Reviewed by Unique Cars and Parts
Our Rating: 4
At the heart of the TVR 3000M was the mighty Ford V6 engine, a willing and eager unit as any Capri V6 owner will attest. It was a remarkably tractable engine, pulling from under 1000 revs in top gear, and its relative lightness, coupled with the TVR's tubular steel space frame chassis and unstressed fibreglass body, was one of the keys to the quick acceleration of the TVR 3000M.
Overdrive in the TVR3000M was engaged through an "in-out" switch on the top of the gear lever
knob. Minor modifidcations were made during the construction time of the car, such as the stumpy handbrake lever being, strangely, shifted even closer to the driver's knee. It seems far too dose to the driver's leg and even constricting at first. The cross-member that crossed the floor of the car about mid-calf height was also strangely placed - but minor niggles aside, the driving position was snug and the seats superbly comfortable.
Behind the Wheel
The gear lever
was positioned high up on the centre console - and to move it through its gate you had to reach high, lifting your left hand to about chest-height and over the already-tall handbrake lever. It was a different way of changing gears at first and you would find you were aware of the offset position of the gear lever
much more than in a car where you let your hand fall from the steering
wheel to a low lever. Because it was physically a new action, you are constantly reminded of your gear-changing technique. The heavy clutch also contributes to reminding you to make careful changes.
was responsive on the move and, sitting low and looking over the long bonnet, the car had the feeling almost like that of an open-wheeler. It was precise, sensitive and accurate on the road, but without power assistance it was heavy at city and parking speeds. Similarly, the small, leather-bound steering
wheel was great out on the road but not so good in traffic.
The TVR3000M leant towards understeer, though this characteristic of the front-engined car was easily corrected. The 3000M could even be pushed into mild oversteer by increased throttle. The Ford V6 was quick to respond and tractable enough to forgive most errors. The front disc/rear drum brake arrangement was capable of bringing the car down from high speed when applied decisively. It helped build the confidence to place the car closer to the limit through corners. The driver sat low, settled inside the space frame (with independent wishbone suspension
all round) giving a reassuring sense of stability. Performance wise, the factory claimed a 16-second flat standing 400 metres which most road testers were able to get close to.
On the Road
The TVR looked precariously low from behind, the ride being firm but not uncomfortable andthis improved at speed. In the handling department the TVR 3000M could tackle bumps well, being completely free of pitching, and there was bugger all body roll - thanks to a heavy front anti-roll bar
which kept the body level under hard cornering. Given the TVR 3000M was designed as a sports car, it was also equally at home being driven as a fine high-speed touring cars with plenty of power in reserve and the handling
, firm ride, sharp steering
of the "good old days" Brit sports car. The 3000 M was an individualist's car which had the advantages of a reliable, mass-produced engine in standard tune and Ford gearbox as well as parts which were readily available because they were from other volume-produced cars.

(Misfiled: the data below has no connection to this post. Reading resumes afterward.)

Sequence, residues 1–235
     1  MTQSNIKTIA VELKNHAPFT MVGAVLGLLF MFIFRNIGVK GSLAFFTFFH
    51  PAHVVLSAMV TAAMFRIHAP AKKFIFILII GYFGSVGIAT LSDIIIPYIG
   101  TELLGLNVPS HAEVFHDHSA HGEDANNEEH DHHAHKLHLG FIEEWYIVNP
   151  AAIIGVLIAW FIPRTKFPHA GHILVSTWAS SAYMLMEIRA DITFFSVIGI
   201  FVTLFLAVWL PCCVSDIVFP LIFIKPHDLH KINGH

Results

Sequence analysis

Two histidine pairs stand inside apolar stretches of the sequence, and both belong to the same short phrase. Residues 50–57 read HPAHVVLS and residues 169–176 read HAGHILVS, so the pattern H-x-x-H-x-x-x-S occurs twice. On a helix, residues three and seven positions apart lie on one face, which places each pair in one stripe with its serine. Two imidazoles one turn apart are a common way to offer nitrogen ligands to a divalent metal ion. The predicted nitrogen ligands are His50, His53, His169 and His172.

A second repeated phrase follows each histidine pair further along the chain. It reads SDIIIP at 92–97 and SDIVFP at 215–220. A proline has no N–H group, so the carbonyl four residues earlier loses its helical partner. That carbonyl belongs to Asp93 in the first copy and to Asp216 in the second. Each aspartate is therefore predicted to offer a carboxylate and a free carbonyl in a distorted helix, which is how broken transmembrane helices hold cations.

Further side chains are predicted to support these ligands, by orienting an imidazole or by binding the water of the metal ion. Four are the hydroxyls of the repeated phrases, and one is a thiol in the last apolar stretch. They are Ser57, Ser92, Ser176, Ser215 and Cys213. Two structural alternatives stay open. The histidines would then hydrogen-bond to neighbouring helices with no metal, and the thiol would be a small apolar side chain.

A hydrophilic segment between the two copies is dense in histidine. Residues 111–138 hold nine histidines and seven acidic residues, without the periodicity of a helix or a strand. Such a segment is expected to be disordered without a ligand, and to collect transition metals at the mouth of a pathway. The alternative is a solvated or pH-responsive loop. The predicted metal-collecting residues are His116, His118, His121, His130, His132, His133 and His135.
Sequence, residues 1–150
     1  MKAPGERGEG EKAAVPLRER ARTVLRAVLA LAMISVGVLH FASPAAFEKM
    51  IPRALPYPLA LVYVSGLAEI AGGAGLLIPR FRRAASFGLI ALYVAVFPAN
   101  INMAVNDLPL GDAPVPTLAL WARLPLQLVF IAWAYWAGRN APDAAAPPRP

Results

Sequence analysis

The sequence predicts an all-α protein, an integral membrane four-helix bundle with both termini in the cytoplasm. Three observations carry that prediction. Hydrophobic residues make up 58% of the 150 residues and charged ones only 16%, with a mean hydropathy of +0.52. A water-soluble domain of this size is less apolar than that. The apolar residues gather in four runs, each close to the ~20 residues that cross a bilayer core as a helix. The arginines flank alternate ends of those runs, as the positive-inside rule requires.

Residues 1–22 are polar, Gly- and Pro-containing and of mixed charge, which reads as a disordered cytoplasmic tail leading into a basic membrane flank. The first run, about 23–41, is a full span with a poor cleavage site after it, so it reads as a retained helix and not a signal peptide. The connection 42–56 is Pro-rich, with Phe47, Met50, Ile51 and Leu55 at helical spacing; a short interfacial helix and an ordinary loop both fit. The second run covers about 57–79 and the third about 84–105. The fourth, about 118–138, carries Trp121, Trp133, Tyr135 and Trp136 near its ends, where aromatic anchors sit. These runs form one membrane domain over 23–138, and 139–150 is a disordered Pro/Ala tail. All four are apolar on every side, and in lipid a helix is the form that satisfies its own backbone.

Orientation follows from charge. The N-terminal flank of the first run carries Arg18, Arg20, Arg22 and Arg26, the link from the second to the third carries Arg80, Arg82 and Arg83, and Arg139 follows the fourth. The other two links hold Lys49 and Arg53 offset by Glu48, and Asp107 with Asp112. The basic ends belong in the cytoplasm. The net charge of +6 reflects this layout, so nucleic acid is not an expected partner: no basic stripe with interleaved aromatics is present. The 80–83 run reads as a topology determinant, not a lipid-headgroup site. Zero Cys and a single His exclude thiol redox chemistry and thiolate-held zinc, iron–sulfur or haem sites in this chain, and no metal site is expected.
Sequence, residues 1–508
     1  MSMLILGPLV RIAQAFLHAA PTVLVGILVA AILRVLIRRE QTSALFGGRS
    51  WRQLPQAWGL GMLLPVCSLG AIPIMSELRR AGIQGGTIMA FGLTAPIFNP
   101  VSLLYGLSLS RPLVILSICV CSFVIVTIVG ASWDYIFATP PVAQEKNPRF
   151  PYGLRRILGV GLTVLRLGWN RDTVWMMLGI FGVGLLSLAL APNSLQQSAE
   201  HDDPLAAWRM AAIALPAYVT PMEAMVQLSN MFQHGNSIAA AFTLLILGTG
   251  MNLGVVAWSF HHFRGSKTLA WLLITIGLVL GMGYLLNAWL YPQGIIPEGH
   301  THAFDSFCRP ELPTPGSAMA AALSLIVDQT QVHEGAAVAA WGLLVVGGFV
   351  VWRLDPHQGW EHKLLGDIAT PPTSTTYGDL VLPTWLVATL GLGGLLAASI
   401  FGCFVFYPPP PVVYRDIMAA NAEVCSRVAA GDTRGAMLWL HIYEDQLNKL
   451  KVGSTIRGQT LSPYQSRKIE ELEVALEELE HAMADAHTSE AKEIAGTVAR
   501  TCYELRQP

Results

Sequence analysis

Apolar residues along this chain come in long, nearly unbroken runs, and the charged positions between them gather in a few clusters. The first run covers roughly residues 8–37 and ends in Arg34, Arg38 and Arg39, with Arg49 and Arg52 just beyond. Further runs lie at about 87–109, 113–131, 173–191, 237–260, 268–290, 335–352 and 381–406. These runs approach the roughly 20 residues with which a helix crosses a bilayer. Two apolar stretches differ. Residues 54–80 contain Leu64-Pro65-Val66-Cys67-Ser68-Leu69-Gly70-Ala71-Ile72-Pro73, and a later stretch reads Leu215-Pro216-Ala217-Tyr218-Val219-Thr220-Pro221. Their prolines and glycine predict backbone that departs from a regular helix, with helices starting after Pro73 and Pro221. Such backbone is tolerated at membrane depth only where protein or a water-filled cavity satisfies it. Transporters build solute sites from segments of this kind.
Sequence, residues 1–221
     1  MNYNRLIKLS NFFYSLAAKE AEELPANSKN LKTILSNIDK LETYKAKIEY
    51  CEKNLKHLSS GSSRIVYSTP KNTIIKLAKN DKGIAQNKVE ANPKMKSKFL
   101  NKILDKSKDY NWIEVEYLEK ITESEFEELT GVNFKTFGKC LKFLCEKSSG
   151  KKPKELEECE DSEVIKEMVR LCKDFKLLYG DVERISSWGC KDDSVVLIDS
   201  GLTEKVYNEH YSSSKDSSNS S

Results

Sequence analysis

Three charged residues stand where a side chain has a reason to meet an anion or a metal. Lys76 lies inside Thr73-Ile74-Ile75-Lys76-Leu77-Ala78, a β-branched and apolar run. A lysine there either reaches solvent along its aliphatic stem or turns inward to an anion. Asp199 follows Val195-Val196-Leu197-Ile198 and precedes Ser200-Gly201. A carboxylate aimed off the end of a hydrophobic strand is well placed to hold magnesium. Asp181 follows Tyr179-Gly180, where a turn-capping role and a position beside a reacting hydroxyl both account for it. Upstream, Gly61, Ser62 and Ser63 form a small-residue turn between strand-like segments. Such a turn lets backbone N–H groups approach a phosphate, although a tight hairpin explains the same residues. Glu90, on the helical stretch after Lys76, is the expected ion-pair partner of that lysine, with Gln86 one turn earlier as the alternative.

The styling appears almost hybrid at first but it grew on you and the large rear window gave good rearward vision. Two hatchback versions of the car were released at the 1976
Earls Court show - one with the V6 in standard tune and the second with a turbocharger. TVR claimed the turbo would top 230 km/h (145mph) and get from 0 to 100 km/h in under six seconds - a very quick time back then, putting it into Torana SLR 5000
The first major alteration to the M Series body was the hatchback Taimar
, introduced at the October 1976
London Motor Show and using the same mechanicals as the 3000M. The name was supposedly created from "Tailgate Martin". The opening hatchback alleviated the previous difficulty of maneuvering luggage over the seats to stow it in the cargo area, and the hatch itself was opened electrically via a solenoid-actuated latch triggered by a button on the driver's door jamb. Over its three-year production, a total of 395 normally aspirated Taimars were built.
The final body style for the M Series, an open roadster, arrived in 1978 as the TVR 3000S
(marketed in some places as the "Convertible", and referred to at least once as the "Taimar Roadster".) Like the Taimar, the 3000S was mechanically identical to the 3000M; the body, however, had undergone significant changes. Only the nose of the car was the same as the previous coupes, as the windscreen, doors, and rear end had all been reworked. The windscreen and convertible top had been adapted from those used on the Jensen-Healey roadster, and the doors were cut down to better replicate a classic open-motoring experience.
The redesign of the doors precluded the possibility of using wind-up windows, so sliding sidecurtains were instead fitted. These could be removed entirely and stowed in the trunk, which, for the first time on a TVR, was a separate compartment with its own lid. The trunk lid was operated electrically in a manner similar to the Taimar's hatch. The styling of the 3000S was revived in a somewhat modernized form later, with the 1987
introduction of the TVR S Series (although the S Series shared almost no components with the M Series cars.)